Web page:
The Marshal of Denver is the first book in “The Legends of the Landrun” series by Judge & Alanna Rodriguez. It is a western story set in the late 1870s. The story deals with the fighting between American soldiers and Indians as well as small town lawmen trying to deal with outlaws.

The main character of the book is John Cardwell and the story follows John from his mid-teen years to his mid 40s. In the beginning of the book, I struggled to like John Cardwell. He seemed to be out-of-control and blood thirsty. The story jumps back and forth between John’s young adulthood to his mid 40s, and in his mid 40s he seems to have calmed down quite a bit and isn’t so violent and blood thirsty, but uses his head before acting. However, there is never any real explanation as to what caused the change in his personality and character. That was something I was looking for and was disappointed that it wasn’t ever really revealed.

John, in his mid 40s, is The Marshal of Denver, and in that position, he makes many good friends who have a strong influence upon his life. These characters are very interesting and add more depth to the story.

I struggled to read The Marshal of Denver as it is told in third person present tense, which never let me into John’s head. Instead I was told John’s story through quite a bit of narrative, like a narrator was telling me the story. There were long sections throughout the story that lacked action. These consisted of narrative and dialogue, and I must admit, there were times when I started to lack interest.

However, I was interested enough in John, as I was still looking for a reason for the change in his character, to keep reading. Near the end of the book, John does undergo something that changes his life, but this is a new change and so, the book never does explain the reason John in his mid 40s was different than the John in his teen years, so that still remains a disappointment to me.

I did find the final eight to ten chapters captivating enough that they kept me turning pages, and the ending made some clear resolutions but also left one or two things unresolved and a bit mysterious, leaving the reader wanting more. I do plan to read the next book as I believe much of this book was back story to set up the next books. The Marshal of Denver also included some unexpected twists and turns and so I look forward to more surprises in the future books.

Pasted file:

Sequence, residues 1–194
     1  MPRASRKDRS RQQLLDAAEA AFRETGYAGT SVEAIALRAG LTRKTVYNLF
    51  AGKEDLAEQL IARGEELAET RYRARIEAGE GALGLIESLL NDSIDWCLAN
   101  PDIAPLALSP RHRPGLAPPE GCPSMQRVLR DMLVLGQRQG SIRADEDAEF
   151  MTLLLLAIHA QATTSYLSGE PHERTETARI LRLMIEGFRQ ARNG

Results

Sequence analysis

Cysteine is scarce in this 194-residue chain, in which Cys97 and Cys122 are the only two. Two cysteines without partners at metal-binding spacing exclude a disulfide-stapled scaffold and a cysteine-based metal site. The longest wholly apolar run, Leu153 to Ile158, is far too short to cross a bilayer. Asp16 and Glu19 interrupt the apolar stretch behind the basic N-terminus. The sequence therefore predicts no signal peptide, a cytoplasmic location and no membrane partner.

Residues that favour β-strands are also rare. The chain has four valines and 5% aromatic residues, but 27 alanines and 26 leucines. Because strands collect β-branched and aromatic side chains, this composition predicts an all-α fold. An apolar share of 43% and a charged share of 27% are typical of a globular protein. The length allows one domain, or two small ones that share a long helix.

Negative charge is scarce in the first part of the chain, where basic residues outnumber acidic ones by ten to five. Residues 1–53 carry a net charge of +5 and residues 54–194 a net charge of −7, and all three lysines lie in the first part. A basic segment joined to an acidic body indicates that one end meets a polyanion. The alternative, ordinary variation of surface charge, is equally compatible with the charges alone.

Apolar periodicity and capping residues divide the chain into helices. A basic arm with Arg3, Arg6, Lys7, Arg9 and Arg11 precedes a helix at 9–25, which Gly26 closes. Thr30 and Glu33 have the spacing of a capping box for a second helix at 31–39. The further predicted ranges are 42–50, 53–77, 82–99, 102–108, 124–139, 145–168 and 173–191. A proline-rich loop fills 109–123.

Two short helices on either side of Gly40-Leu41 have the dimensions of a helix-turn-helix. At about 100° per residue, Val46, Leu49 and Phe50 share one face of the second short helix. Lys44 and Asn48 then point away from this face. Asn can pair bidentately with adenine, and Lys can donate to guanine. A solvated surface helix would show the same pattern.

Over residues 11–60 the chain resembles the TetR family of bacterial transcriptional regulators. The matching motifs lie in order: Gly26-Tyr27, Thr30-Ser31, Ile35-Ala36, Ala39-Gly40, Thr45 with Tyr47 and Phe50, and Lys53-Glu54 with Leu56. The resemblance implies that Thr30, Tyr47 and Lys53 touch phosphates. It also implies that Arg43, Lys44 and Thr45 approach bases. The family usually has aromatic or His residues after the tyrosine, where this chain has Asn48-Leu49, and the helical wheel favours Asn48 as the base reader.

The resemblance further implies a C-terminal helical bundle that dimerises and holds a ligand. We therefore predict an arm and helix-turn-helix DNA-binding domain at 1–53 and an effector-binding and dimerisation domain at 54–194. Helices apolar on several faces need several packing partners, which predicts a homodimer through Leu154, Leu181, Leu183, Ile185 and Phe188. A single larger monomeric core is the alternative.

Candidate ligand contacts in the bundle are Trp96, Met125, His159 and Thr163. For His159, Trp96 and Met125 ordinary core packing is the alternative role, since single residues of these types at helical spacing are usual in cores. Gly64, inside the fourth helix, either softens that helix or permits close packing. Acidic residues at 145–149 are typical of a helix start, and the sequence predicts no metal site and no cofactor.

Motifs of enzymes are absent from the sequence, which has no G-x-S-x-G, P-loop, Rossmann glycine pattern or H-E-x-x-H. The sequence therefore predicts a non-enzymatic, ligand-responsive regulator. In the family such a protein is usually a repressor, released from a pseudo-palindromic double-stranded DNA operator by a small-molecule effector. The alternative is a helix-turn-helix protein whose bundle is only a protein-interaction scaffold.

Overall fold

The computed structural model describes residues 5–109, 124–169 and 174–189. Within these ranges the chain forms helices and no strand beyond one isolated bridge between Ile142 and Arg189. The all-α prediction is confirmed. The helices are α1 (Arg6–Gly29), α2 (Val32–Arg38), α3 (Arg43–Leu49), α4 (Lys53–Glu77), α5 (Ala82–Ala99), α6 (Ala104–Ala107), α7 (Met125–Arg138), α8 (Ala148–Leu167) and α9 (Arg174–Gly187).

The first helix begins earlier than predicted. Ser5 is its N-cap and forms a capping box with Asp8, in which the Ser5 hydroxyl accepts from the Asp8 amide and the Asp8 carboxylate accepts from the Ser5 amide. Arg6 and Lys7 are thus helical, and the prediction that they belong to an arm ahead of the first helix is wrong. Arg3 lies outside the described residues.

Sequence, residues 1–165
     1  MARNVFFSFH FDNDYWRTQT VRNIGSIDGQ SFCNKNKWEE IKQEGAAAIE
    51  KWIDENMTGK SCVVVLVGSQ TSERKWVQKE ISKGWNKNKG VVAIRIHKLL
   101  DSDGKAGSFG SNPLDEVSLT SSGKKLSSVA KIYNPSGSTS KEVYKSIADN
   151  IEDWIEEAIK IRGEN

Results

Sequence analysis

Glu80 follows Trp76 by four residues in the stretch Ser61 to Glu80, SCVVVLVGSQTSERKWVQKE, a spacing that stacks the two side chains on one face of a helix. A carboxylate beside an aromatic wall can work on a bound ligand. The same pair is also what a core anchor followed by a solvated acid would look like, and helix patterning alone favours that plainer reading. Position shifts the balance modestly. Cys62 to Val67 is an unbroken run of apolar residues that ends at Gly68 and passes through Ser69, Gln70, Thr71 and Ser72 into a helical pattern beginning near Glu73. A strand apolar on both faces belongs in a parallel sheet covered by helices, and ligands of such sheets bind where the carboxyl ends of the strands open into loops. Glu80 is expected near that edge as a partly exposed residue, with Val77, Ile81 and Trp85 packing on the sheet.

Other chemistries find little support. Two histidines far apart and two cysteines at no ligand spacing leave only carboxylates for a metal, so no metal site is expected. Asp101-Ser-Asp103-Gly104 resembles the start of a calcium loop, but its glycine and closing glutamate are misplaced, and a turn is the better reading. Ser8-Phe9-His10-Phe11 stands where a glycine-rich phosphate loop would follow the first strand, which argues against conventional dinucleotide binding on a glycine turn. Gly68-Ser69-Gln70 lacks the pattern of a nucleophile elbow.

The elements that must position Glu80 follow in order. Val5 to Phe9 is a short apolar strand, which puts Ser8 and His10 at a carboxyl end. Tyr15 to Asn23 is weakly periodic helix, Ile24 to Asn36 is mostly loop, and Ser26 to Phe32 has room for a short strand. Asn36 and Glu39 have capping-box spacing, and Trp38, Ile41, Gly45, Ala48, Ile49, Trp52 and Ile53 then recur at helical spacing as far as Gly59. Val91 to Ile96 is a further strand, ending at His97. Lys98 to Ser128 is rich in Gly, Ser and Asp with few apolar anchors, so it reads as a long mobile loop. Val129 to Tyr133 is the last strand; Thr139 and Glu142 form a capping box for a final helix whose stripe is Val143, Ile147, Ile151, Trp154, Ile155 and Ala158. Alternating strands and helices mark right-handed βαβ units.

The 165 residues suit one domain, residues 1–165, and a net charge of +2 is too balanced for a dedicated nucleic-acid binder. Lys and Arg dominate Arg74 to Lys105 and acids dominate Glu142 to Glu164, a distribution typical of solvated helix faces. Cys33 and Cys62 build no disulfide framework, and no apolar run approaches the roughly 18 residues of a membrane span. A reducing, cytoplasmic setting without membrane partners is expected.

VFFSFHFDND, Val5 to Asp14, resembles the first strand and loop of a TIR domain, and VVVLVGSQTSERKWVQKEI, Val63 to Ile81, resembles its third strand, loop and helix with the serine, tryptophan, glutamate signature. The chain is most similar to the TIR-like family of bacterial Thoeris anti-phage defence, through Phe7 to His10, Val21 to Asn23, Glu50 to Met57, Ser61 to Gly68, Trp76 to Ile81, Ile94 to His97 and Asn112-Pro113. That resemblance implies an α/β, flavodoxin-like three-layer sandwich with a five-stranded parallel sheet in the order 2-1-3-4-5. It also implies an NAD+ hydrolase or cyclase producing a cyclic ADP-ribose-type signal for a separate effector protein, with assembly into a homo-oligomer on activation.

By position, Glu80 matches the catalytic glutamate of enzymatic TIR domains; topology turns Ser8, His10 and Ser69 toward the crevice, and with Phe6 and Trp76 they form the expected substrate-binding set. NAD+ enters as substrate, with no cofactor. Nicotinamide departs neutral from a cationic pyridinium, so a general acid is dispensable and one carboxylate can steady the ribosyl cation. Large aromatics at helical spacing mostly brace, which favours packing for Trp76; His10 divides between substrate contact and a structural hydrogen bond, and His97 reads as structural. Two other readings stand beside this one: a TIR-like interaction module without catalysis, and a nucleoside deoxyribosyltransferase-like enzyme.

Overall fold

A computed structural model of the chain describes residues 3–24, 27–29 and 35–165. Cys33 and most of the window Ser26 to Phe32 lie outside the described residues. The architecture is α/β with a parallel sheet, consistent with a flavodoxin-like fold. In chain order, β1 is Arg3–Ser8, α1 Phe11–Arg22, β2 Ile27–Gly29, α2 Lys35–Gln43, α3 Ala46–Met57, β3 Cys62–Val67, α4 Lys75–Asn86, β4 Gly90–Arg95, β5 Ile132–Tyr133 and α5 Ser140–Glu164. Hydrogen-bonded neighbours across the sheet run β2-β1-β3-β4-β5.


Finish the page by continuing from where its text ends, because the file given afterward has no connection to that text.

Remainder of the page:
I must warn sensitive readers that there is quite a bit of violence in The Marshal of Denver and some of it is quite graphic.

I give The Marshal of Denver by Judge and Alanna Rodriquez 3 stars.

Song of Echoes by R. E. Palmer


As a Book Reviewer, I received a free ebook copy of Song of Echoes by R. E. Palmer and this is my honest review. I was not required to write a positive review nor any review.


Song of Echoes is a fantasy novel and there were times it reminded me of Lord of the Rings. However, R. E. Palmer included a lot of history to build the world and explain the current happenings in the world in which Song of Echoes takes place.


The story moves back and forth between the happenings in the lives of his two main characters, Elodi, the Lady Harlyn, and Toryn, a farm worker from a village. Elodi has recently taken on a leadership role in one of the five realms, following her father’s death. Toryn has reached the age where he is to go to serve the Archon in Archonholm. The Archon has been responsible for keeping the five realms safe for years. However, a complication changes the course of Toryn’s life and, instead of going with his friend to join those leaving for Archonholm, Toryn goes off in a different direction with his friend and mentor, Hamar.


Though the story has some battles and action and I found the characters interesting, the pace of the story seemed to drag at several places and it took me much longer to read this book than most books I read, but I was interested enough in the characters and what was happening to press on to the end. I enjoyed Song of Echoes solely because of the main characters, which I feel R. E. Palmer did a good job of creating, developing, and putting them in situations that made me care and want to keep reading to see what would happen to them.


I give Song of Echoes by R. E. Palmer 4 stars.

From Fame to Ruin by Jina S. Bazzar

As a Book Reviewer I received a free ebook copy of From Fame to Ruin by Jina S. Bazzar and this is my honest review. I was not required to write a positive review nor any review. From Fame to Ruin is not Jina S. Bazzar’s first novel, but it is her first New Adult and College Romance novel.

From Fame to Ruin is a novel about two people who meet and fall in love, but Carol wasn’t counting on falling in love. This was just supposed to be a weekend fling – something to take her mind off the problems she had to face and deal with when the weekend was over.

Four years later, Carol is facing another crisis and believes the only person she can turn to is the man she walked away from after a weekend she never forgot.